Private equity not evil

Private equity firms are not evil, a fact well known to the many in Decatur who are benefiting from them.
Democrats are walking a fine line in their attacks on GOP presidential candidate Mitt Romney.
Romney, as everyone knows, ran the private equity firm Bain Capital. He apparently did a good job, as he and his investors made lots of money.
Most Democrats have enough sense not to criticize someone for making money. The desire for money motivates all of us and it drives our capitalist economy. Romney gave his opponents an opening, though, by touting his record as a “job creator.” He did create jobs through Bain Capital. He also laid plenty of workers off. If his goal had been to create jobs, as opposed to generating profit for investors, he would have been booted from the firm and Democrats would be talking about his poor work record.
Unfortunately, the Democratic critique of Romney’s job-creation claims is quickly morphing into a rant against private equity.
Long before the recession hit, Decatur Mall was dying. In 2007, its owner was facing bankruptcy and the roof was leaking. Tenants were in a rush for the exits.
Today construction is ongoing on a major expansion of Belks. A builder last week obtained a permit for the $5.4 million construction of a high-tech movie theater. Tenants, once anxious for their leases to expire, are now enjoying increased traffic.
There is no evidence that pre-recession consumer demand was any weaker than it is now. If anything, continued high unemployment is suppressing demand.
So what happened to cause the mall’s resurgence?
Garrison Investment, a private equity firm, happened.
The simplistic view of capitalism is that where there is demand, supply will follow. The more complete view must incorporate the central role of accumulated capital. Depending on the product, the amount of capital needed to meet demand can be immense.
The last several owners of the mall were in the same geographic market as Garrison with roughly the same demographics and the same level of consumer demand. What they lacked was the capital needed to meet that demand and the expertise to use the capital effectively.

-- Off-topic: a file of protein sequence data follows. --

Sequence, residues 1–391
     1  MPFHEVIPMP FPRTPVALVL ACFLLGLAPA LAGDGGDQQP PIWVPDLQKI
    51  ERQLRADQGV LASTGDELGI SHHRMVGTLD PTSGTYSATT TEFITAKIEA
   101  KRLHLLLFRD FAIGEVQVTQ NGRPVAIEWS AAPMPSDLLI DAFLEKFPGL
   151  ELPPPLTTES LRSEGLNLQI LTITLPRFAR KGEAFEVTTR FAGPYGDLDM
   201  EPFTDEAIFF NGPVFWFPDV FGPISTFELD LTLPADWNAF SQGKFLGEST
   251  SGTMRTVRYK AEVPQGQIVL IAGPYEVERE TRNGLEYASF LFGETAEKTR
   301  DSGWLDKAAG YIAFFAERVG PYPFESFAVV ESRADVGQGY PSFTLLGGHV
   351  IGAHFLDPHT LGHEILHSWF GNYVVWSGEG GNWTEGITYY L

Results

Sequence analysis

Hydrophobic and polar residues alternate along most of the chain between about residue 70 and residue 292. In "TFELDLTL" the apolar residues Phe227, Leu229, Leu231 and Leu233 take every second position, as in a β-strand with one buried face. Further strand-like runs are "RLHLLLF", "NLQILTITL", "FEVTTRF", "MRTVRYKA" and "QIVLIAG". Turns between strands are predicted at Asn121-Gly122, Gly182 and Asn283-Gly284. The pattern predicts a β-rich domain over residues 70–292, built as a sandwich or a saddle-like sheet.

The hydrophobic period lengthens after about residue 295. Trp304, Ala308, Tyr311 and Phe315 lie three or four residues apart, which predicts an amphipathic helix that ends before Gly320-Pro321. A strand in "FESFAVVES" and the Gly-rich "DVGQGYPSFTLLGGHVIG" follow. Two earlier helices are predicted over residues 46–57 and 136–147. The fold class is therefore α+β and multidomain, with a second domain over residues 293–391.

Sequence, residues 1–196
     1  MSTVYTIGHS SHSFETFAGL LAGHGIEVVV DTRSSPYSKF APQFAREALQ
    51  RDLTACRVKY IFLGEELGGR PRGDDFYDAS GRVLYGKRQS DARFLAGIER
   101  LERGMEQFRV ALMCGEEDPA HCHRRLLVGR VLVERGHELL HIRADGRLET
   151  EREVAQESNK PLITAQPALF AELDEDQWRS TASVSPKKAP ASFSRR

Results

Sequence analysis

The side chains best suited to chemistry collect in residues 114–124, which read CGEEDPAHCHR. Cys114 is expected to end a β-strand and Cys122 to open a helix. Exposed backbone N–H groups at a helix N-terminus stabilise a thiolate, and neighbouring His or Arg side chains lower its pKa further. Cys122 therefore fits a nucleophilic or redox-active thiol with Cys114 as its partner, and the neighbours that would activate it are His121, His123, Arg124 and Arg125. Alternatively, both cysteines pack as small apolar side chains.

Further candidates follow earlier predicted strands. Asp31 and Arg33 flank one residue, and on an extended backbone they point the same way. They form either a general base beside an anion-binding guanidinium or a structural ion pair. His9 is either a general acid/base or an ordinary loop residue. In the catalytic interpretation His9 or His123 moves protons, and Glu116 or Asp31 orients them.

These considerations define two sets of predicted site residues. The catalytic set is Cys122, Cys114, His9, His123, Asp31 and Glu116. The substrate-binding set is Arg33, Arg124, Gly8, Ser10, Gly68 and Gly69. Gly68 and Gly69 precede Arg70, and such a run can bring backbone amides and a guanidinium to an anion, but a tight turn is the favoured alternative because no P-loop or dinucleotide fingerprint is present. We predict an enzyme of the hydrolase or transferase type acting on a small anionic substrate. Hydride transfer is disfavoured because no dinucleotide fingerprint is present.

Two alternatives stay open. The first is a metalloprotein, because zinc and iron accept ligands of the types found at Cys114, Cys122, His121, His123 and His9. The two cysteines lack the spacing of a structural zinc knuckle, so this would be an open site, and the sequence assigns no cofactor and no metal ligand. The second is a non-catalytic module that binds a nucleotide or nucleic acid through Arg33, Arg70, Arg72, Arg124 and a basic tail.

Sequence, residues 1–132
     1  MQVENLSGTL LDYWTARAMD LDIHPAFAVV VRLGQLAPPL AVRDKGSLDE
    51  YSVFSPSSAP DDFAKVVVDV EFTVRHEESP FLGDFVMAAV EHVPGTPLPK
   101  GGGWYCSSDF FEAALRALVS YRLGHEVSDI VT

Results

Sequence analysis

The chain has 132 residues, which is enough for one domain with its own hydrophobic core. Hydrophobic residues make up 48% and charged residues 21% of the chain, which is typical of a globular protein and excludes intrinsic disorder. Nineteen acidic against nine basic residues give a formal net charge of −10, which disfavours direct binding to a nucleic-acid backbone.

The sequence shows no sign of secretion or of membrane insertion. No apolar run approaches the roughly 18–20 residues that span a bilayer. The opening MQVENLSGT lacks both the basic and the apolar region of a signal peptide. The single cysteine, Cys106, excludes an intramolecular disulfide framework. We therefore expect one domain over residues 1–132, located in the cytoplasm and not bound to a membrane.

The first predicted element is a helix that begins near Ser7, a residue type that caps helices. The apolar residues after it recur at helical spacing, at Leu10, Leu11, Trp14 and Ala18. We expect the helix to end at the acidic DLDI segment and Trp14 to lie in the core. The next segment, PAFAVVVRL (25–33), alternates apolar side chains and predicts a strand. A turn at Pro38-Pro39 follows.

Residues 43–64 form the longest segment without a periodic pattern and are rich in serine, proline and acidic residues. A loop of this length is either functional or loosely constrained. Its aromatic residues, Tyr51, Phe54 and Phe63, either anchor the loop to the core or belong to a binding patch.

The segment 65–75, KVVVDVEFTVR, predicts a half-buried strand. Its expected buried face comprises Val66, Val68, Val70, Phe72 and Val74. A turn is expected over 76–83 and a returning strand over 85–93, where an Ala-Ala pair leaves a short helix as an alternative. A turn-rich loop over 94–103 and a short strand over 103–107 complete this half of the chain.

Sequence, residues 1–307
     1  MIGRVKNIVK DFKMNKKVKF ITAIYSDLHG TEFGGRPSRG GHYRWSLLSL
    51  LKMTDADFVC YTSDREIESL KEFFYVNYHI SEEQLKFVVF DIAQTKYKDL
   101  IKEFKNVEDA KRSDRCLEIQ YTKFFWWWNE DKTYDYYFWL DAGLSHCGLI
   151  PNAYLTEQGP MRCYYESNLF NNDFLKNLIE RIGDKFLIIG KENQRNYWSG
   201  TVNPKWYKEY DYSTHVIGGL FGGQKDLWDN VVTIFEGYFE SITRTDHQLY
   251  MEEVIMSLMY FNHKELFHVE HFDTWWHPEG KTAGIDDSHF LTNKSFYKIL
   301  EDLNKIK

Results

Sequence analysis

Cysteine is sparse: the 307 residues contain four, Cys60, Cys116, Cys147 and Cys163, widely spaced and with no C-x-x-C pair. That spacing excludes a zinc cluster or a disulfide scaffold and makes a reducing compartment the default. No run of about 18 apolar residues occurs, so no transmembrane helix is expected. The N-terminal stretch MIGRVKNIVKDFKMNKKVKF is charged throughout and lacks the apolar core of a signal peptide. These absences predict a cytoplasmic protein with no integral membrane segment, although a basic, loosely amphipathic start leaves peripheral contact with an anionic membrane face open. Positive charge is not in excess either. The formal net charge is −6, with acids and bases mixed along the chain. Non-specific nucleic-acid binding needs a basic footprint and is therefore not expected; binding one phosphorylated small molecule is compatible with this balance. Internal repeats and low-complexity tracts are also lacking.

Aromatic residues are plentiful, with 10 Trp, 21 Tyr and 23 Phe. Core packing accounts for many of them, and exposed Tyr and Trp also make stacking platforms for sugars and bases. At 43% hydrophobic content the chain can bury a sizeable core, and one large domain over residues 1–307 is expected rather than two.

Garrison’s capital allows it to do things that the previous owners couldn’t do. It can patch the roof and paint the exterior. It can absorb a short-term loss to attract a valuable tenant that will increase consumer traffic. It also can hire managers with the skill both to gauge demand and to meet it.
Understand, Garrison is not investing in the mall to create jobs or to help Decatur. It is doing so for one reason: to make a profit. Everything else is incidental. A sole proprietor or family business can occasionally afford the luxury of allowing goals other than profit to dominate, but a corporate entity has a fiduciary duty to its shareholders and investors. They want a return on their investment. At the helm of Bain Capital, Romney had no obligation — and indeed, no right — to pursue goals that did not maximize the return on investment. Sometimes that meant cutting costs with layoffs. Sometimes it meant increasing production through hiring.
When Ralston Purina had to sell its Decatur pet-food plant in 2003, a private equity firm — The Cypress Group — bought it. Because the firm had plenty of capital and some brilliant managers, it figured out a way to turn a low-priced commodity into a high-priced product, Meow Mix, that any responsible cat owner was anxious to buy. Remember the lyrical “meow meow” ads?
Cypress did not invest its money with the goal of creating jobs, although that followed from increased production. It did not even have any long-term commitment to Decatur, as demonstrated by the fact that less than three years later it sold the plant — for a significant profit — to Del Monte.
Garrison may well be in it for the short term, too. Bain Capital often was. Their goal in that short term, though, is to add value.
It is fair for Democrats to complain about Romney’s self-promotion of his job-creation skills. It is a mistake, however, to label private-equity firms as evil or to bash the profit motive.
If there are abuses by private-equity firms — such as taking a profit while dumping pension obligations on taxpayers — then it is the job of the government to impose regulations. Within the constraints of the law, the private equity firm’s only goal is profit.
Unrestrained capitalism causes dramatic societal problems. Properly limited through smart regulations, though, capitalism is brilliant at allocating resources efficiently. Private equity firms are neither evil nor angelic. They are merely effective tools for employing large amounts of capital to the production of goods that consumers want.
Contact Eric Fleischauer at or


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Filed under Capitalism, Election 2012

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